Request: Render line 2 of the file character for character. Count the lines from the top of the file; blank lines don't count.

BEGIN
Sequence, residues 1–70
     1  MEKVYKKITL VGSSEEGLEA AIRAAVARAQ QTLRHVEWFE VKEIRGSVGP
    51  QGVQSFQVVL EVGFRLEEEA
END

     1  MEKVYKKITL VGSSEEGLEA AIRAAVARAQ QTLRHVEWFE VKEIRGSVGP